Kevin Pettway is a long-time fan of good fantasy as well as a smartass. He has brought together these two burning passions to create the Misplaced Mercenaries series and the Misplaced Adventures series. Kevin lives in Florida with his wife of many years and two ridonkulously cuddly dogs, where too much of his time is spent wondering if he will someday be introduced to the world as “Florida Man.” You can find Kevin on FaceBook, Instagram. Fair warning, he is a smartass there, too.



Sooty Tern, Rolling Stone: Seychelles, Bird Island Office: So Kevin, may I call you Kevin?

Kevin Pettway, author: Please don't.

Sooty: Oh, uh, sorry? Mister Pettway?

Kevin: Call me Studs. Studs McBadass. Yeah, that's cool.

Sooty: I really don't think it is.

Kevin: Did you have a question? I have some manly stuff to do this afternoon. Like, with cars and stuff.

Sooty: That sounds interesting. What kinds of automobiles do you like to work on?

Kevin: Uh… football.

Sooty: Football cars?

Kevin: Rugged football cars. Extra-manly.

Sooty: I see. Perhaps we'll just stick to the questions we have here, okay? So how long have you been writing?

Kevin: What a weird question. I don't know. It'd have to be five or six hundred miles, if you lined up all the words.

Sooty: …

Kevin: That's a total guess though. Probably be less if you couldn't take the highway. Or go around trees. Trees are tall.

Sooty: You include your wife in a lot of your attributions. Care to talk about that?

Kevin: Lena is the best. As any wildly successful writer will tell you, if you want to do this for a living, you need someone at home making actual, spendable, money. Love and adulation is boss, but it don't pay for pedicures and hair-curling, know what I'm sayin'?

Sooty: I'm not sure I do. I have a copy of TIME Magazine right here that was sent to our offices, that lists you as the most highly paid author ever.

Kevin: Yeah, I made that magazine on my printer at home. Wrote it myself, so it may not be what you'd call, super-reliable.

Sooty: Did you send this to us yourself?

Kevin: Sure. Got free airfare and hotel and everything. Your editor's a great guy.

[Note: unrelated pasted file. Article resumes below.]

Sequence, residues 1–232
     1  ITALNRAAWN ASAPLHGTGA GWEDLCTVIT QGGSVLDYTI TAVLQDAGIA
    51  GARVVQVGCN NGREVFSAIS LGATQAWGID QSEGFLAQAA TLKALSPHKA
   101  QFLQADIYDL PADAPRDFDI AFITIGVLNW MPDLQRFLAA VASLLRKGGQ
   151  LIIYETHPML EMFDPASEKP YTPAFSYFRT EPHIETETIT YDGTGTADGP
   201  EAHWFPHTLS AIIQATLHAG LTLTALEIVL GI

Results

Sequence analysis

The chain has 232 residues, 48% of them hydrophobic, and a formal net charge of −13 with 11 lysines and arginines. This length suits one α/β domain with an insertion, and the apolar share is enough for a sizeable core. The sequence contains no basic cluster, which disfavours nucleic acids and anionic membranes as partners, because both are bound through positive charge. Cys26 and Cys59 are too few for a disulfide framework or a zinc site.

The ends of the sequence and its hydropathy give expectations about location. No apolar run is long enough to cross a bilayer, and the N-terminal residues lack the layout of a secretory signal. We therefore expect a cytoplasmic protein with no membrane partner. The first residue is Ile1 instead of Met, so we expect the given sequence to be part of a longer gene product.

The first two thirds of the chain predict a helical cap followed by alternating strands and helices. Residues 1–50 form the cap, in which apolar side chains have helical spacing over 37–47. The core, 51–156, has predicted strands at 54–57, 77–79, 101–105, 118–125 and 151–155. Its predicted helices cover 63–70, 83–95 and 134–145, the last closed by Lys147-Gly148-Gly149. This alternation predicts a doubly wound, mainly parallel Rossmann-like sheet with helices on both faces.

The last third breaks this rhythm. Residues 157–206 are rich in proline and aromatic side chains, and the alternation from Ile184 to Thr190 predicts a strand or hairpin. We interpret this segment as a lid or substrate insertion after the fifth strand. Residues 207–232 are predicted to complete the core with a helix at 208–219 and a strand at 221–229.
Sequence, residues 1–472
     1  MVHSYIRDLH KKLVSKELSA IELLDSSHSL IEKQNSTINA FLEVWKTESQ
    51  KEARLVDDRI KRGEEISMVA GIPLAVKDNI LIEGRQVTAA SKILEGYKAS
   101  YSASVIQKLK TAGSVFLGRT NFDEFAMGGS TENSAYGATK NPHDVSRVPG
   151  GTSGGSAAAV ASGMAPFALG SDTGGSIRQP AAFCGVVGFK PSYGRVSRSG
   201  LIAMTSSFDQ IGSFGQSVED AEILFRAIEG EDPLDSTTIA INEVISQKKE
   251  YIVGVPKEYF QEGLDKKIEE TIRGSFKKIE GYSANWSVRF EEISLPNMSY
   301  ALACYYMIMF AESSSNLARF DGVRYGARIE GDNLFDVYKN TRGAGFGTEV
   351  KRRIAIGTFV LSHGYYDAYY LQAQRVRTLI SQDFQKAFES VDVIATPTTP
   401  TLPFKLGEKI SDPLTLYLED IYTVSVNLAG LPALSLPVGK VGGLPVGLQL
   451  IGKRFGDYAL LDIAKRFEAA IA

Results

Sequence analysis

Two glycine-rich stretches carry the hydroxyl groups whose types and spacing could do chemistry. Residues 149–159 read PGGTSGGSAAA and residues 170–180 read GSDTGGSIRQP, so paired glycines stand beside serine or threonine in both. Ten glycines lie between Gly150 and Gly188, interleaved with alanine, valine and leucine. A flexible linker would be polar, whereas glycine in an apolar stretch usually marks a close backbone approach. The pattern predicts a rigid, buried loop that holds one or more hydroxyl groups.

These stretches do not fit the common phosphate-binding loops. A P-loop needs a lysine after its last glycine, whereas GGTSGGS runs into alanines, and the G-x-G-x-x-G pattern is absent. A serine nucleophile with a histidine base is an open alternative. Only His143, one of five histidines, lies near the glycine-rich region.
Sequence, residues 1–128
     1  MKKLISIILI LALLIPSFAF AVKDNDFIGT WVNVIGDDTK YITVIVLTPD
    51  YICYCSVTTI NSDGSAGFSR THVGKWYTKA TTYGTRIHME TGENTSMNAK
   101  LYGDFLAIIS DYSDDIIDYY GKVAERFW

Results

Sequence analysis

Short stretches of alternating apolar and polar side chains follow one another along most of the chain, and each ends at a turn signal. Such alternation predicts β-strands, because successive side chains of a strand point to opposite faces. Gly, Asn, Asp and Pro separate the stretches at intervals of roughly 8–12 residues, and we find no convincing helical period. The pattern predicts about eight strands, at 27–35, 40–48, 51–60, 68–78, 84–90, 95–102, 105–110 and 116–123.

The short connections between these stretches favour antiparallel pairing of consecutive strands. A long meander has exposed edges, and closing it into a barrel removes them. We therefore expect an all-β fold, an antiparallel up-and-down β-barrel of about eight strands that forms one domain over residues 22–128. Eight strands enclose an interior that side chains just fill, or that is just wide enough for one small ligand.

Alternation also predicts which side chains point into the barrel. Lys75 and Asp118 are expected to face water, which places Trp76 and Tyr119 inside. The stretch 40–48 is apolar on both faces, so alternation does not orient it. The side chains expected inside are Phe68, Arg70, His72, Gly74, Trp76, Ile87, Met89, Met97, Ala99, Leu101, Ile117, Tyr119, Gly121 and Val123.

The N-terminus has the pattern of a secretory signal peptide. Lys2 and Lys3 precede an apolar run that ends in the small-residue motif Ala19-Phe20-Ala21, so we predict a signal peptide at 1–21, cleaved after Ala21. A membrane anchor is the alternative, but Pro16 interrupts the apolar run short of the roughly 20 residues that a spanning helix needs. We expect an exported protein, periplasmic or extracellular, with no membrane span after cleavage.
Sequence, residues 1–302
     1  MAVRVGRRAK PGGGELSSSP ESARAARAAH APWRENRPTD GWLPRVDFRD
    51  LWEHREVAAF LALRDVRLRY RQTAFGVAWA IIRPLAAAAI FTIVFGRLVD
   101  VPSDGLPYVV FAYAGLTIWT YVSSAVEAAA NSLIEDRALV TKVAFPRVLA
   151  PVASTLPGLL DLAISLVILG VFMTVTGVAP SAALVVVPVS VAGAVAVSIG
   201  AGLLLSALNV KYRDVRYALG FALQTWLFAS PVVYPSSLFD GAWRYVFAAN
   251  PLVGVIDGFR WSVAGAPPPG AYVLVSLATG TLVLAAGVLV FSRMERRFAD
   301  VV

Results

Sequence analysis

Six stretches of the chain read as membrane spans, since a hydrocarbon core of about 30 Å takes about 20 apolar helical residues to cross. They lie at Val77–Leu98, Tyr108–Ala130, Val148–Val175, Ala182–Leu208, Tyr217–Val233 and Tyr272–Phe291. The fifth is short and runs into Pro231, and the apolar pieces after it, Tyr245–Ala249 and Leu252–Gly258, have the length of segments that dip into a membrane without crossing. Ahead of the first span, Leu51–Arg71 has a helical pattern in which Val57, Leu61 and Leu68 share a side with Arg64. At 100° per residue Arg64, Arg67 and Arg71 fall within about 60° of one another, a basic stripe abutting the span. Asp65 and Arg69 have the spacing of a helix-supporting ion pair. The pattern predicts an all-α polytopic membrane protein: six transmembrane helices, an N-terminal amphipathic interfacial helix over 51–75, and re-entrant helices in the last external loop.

Sooty: So I assume you are not  allergic to telephones and you do not truly have to conduct all interviews in person?

Kevin: How would I know? I've never been interviewed before.

Sooty: Uh-huh. I'm not sure we're learning the kinds of things we're really after here.

Kevin: What are you after?

Sooty: What authors you read, what do you like to put in your books, what are your emotional investments in your characters, what's coming up next, that sort of thing.

Kevin: Those are great questions.

Sooty: Thank you. I don't suppose you'd answer any of them?

Kevin: I've read George R.R. Martin but I liked him better on TV—until the end, anyway, Stephen King is fantastic with characters and tension but occasionally drops the ball with endings. (I'm hoping his son will be better.) I like Patrick Rothfuss pretty well, but he looks so much like me in certain photos (if I had forgotten to shave for two years) that it is seriously disconcerting. Joe Abercrombie makes me laugh, and that's always a good thing. I cut my teeth on The Hobbit, which will always have a very special place in my heart, though I tend to skip past the pages and pages of description in The Lord of the Rings books. My all-time favorite god-writer is Roger Zelazny, who can do no wrong. I can't write like he does, though I occasionally try to sort of write at him, if you take my meaning.

Sooty: Not particularly.

Kevin: Hmph. What the hell kind of name is "Sooty," anyway?

Sooty: You tell me, Mr. McBadass.

Kevin: Touché.

Sooty: It's been said that you try to create an emotional touchstone for the reader with each character in your books, even the most vile villains. Why is that?

Kevin: Somebody said that? Somebody read my books?

Sooty: I'm pretty sure it was you. (Holds up the stapled-together "TIME Magazine.")

Kevin: Well it's true. I've tried to write cold, emotionless killers in the past, but they always come off like they're made of cardboard. They don't seem real. The funny thing is, I've met people who really are like that. They're real. They're true — but they don't make for interesting characters. I don't know whether or not they're actually made of cardboard.

Sooty: So you are releasing six books as well as a free short story in your Misplaced Mercenaries series. Any idea what might be coming next? Will you be taking time off for any other projects in between books?

Kevin: If a volcano dumped lava all over your house, would the bricks survive?

Sooty: And this concludes our interview with Kevin Pettway, author of the Misplaced Mercenaries books, and creator of the Heroes of Lesser Earth webcomic.

As always, read well, and well met.

Kevin: Because bricks are hard, but lava is hot. Like, really hot.